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Air National Guard command chief visits 153rd Airlift Wing members, focuses on effective communication

U.S. Air Force Chief Master Sgt. James W. Hotaling, command chief master sergeant of the Air National Guard presents a coin to Airman Basic Skylar Orr, Nov. 8, 2015 in Cheyenne, Wyoming. Hotaling gave a special message to Orr, who is a recent basic training graduate with honors and a cyber operator assigned to the 153rd Command and Control Squadron, Wyoming Air National Guard. (U.S. Air National Guard photo by Tech. Sgt. John Galvin/released)

U.S. Air Force Chief Master Sgt. James W. Hotaling, command chief master sergeant of the Air National Guard presents a coin to Airman Basic Skylar Orr, Nov. 8, 2015 in Cheyenne, Wyoming. Hotaling gave a special message to Orr, who is a recent basic training graduate with honors and a cyber operator assigned to the 153rd Command and Control Squadron, Wyoming Air National Guard. (U.S. Air National Guard photo by Tech. Sgt. John Galvin/released)

U.S. Air Force Chief Master Sgt. James W. Hotaling, command chief master sergeant of the Air National Guard speaks to the 153rd Airlift Wing Senior NCO and Rising Six councils, Nov. 8, 2015 in Cheyenne, Wyoming. Hotaling addressed issues specific to the group and listened to feedback about the effectiveness and chanllenges of the individual councils. (U.S. Air National Guard photo by Master Sgt. Leisa Grant/released)

U.S. Air Force Chief Master Sgt. James W. Hotaling, command chief master sergeant of the Air National Guard speaks to the 153rd Airlift Wing Senior NCO and Rising Six councils, Nov. 8, 2015 in Cheyenne, Wyoming. Hotaling addressed issues specific to the group and listened to feedback about the effectiveness and challenges of the individual councils. (U.S. Air National Guard photo by Master Sgt. Leisa Grant/released)

U.S. Air Force Chief Master Sgt. James W. Hotaling, command chief master sergeant of the Air National Guard speaks to senior noncommissioned officers assigned to the 153rd Airlift Wing, Wyoming Air National Guard, Nov. 8, 2015 in Cheyenne, Wyoming. Hotaling discussed renewing our commitment to the profession of arms, health of the force, and recognizing and embracing our accomplishments. (U.S. Air National Guard photo by Master Sgt. Charles Delano/released)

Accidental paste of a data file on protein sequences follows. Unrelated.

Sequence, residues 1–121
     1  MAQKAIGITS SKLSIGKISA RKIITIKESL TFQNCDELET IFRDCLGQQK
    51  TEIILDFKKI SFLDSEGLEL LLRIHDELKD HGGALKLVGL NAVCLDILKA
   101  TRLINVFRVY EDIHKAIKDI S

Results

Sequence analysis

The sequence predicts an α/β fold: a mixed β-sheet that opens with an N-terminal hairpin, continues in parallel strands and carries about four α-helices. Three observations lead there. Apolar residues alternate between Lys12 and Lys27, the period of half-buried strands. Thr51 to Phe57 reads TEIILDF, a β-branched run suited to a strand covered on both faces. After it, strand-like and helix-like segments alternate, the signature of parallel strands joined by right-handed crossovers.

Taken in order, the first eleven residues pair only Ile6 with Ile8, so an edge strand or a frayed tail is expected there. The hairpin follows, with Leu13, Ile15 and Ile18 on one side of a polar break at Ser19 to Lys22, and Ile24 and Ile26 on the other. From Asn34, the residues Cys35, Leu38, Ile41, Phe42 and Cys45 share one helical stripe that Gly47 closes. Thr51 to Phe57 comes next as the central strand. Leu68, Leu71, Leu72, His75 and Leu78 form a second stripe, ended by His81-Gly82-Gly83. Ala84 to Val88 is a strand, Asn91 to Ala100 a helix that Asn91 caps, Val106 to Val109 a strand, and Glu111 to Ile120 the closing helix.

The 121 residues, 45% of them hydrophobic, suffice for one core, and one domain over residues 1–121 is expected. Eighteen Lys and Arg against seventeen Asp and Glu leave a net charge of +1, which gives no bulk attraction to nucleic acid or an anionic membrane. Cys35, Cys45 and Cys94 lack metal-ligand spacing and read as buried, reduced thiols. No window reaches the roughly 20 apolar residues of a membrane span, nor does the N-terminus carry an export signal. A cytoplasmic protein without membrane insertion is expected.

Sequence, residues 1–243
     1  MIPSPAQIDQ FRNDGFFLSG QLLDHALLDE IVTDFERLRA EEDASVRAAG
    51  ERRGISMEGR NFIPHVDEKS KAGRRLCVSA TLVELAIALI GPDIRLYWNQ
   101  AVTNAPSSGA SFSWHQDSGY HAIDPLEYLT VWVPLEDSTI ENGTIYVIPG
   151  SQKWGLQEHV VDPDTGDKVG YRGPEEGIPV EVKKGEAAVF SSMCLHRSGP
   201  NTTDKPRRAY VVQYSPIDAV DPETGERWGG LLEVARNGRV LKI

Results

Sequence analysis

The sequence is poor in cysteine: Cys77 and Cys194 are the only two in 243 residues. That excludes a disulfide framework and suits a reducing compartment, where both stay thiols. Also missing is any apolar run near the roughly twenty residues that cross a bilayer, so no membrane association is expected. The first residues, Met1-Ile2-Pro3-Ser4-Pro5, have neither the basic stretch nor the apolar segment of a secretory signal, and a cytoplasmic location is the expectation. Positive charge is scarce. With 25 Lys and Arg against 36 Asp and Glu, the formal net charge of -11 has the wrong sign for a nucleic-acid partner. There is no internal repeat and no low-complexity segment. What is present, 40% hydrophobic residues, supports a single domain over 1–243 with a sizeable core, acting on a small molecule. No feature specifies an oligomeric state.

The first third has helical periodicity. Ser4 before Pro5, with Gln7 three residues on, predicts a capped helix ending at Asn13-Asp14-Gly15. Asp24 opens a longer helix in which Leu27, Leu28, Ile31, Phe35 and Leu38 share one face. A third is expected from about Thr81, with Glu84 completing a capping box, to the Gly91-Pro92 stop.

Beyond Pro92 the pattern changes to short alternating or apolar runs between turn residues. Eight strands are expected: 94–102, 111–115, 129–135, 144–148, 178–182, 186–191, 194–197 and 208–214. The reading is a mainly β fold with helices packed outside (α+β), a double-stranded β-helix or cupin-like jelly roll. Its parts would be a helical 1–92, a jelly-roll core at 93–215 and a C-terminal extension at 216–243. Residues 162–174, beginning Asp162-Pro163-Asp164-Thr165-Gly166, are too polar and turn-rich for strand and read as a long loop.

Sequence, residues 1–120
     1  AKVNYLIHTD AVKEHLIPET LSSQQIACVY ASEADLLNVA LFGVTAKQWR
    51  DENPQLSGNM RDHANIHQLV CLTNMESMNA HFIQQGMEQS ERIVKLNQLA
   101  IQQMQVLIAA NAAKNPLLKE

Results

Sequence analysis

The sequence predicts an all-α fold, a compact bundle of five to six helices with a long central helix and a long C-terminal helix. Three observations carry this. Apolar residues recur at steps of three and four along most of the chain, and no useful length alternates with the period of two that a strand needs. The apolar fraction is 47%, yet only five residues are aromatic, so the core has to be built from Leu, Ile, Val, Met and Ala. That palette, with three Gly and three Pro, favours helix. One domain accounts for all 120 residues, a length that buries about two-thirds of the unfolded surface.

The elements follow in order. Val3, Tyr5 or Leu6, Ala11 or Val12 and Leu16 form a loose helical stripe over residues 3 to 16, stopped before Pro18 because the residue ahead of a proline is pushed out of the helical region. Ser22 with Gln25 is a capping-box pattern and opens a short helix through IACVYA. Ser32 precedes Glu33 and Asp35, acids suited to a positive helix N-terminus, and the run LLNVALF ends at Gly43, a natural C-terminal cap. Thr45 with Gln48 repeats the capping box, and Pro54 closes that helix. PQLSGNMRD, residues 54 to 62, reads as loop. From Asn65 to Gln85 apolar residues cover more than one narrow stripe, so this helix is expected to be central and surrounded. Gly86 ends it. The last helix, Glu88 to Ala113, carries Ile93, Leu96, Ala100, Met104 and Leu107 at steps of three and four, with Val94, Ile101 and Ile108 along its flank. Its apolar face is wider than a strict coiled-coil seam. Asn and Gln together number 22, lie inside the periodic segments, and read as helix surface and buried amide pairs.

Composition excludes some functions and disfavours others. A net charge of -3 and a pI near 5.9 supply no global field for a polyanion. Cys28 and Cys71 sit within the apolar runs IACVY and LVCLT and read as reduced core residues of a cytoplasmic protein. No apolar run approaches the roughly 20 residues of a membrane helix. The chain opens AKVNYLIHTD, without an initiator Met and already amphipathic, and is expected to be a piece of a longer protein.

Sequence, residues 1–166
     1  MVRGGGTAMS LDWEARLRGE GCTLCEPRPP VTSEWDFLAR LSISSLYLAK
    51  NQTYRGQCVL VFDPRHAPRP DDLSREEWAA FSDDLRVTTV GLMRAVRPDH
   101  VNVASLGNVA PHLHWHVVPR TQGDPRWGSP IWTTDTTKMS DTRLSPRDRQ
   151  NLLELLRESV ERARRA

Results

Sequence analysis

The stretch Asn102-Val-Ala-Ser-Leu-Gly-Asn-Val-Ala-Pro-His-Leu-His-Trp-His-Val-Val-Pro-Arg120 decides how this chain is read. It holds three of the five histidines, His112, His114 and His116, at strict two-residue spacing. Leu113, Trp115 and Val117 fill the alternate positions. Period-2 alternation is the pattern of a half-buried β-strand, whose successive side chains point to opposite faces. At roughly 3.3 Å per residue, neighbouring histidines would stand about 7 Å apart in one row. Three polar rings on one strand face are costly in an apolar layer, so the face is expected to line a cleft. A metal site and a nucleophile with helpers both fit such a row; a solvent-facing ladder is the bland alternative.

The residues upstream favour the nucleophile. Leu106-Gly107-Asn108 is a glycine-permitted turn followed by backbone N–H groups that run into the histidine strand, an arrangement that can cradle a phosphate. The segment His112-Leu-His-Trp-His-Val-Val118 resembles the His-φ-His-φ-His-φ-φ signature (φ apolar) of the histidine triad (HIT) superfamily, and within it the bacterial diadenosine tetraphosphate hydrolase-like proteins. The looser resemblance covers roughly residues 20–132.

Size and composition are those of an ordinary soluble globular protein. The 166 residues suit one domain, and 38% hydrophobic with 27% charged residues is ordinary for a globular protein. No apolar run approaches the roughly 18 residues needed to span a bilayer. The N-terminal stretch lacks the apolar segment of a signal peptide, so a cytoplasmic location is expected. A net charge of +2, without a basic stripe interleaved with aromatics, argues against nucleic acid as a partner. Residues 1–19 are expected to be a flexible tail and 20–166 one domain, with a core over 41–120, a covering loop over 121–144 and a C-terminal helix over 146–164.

U.S. Air Force Chief Master Sgt. James W. Hotaling, command chief master sergeant of the Air National Guard speaks to senior noncommissioned officers assigned to the 153rd Airlift Wing, Wyoming Air National Guard, Nov. 8, 2015 in Cheyenne, Wyoming. Hotaling discussed renewing our commitment to the profession of arms, health of the force, and recognizing and embracing our accomplishments. (U.S. Air National Guard photo by Master Sgt. Charles Delano/released)

CHEYENNE, Wyo. -- The command chief master sergeant of the Air National Guard visited Airmen at the Wyoming Air National Guard base here Nov. 8 to discuss issues affecting the enlisted force.

The first order of business for Chief Master Sgt. James W. Hotaling, ANG command chief master sergeant, was to hold two consecutive enlisted calls at F.E. Warren Air Force Base. He discussed three main themes: renewing ANG members' commitments to the profession of arms, maintaining a healthy force and recognizing our Airmen's accomplishments.

"It's critically important that you recognize your Airmen," said Hotaling during the senior enlisted call.

True to his own words, he coined just a handful of Airmen and had a special message for each of them. This resonated especially well with one of the wing's newest members, Airman Basic Skylar Orr, a cyber operator assigned to the 153rd Command and Control Squadron. Orr recently graduated from Basic Military Training with honors and returned from his technical training.

He said being recognized and coined was exciting and not anything he expected as an airman basic new to the unit. More importantly it made him proud to serve, he said.

"It was wonderful to represent CACS," said Orr. "When I came back to the unit they were all proud of me. Everyone knows who I am now. That's important," adding that it made him feel compelled to "step up his game."

Hotaling said that the ANG is no longer a strategic reserve, but rather, an operational force and is "never going back." Using a football analogy about the changing of helmet-to-helmet contact rules in recent years and how NFL players had to adapt to these changes, he said Airmen are the players in the new operational ANG and that as our own rules and requirements change, Airmen have to adapt as well. The Air National Guard as it was prior to Sept. 11, 2001, "no longer exists," Hotaling bluntly told the audience.

While his message was clear and there were no questions about our post-9/11 environment in the ANG, noncommissioned officers in the audience did have questions regarding enlisted grade reviews, military pay, training and other readiness and deployment-related issues.

Hotaling also met with what he called the "spheres of influences" in wings: the First Sergeants' Council, the Rising Six Council and the Senior NCO Council. In these smaller more intimate settings he was able to address issues specific to the people these groups represent and to hear feedback about the effectiveness and challenges of their individual councils. He intentionally chose to spend more than a quarter of his eight-hour day with the councils because he said it was the most effective way to essentially reach the most people in the end.

"That's where your leadership is implanted because they're all leaders in there," he said. "Even people who come to Rising Six want to be leaders. "Now you can have a very good targeted discussion with the people who will touch the most Airmen once [I] leave."